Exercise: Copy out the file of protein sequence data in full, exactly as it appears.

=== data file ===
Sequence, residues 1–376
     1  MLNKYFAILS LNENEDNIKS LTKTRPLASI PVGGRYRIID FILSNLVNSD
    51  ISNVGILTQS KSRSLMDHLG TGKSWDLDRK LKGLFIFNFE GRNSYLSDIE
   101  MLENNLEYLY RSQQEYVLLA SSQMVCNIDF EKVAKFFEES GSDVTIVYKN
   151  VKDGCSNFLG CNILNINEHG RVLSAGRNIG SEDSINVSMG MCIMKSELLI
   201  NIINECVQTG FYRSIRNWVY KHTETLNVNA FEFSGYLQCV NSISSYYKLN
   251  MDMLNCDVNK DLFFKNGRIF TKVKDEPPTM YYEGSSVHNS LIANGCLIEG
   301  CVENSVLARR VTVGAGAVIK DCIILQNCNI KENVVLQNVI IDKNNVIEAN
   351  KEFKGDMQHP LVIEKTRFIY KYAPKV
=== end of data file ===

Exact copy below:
Sequence, residues 1–376
     1  MLNKYFAILS LNENEDNIKS LTKTRPLASI PVGGRYRIID FILSNLVNSD
    51  ISNVGILTQS KSRSLMDHLG TGKSWDLDRK LKGLFIFNFE GRNSYLSDIE
   101  MLENNLEYLY RSQQEYVLLA SSQMVCNIDF EKVAKFFEES GSDVTIVYKN
   151  VKDGCSNFLG CNILNINEHG RVLSAGRNIG SEDSINVSMG MCIMKSELLI
   201  NIINECVQTG FYRSIRNWVY KHTETLNVNA FEFSGYLQCV NSISSYYKLN
   251  MDMLNCDVNK DLFFKNGRIF TKVKDEPPTM YYEGSSVHNS LIANGCLIEG
   301  CVENSVLARR VTVGAGAVIK DCIILQNCNI KENVVLQNVI IDKNNVIEAN
   351  KEFKGDMQHP LVIEKTRFIY KYAPKV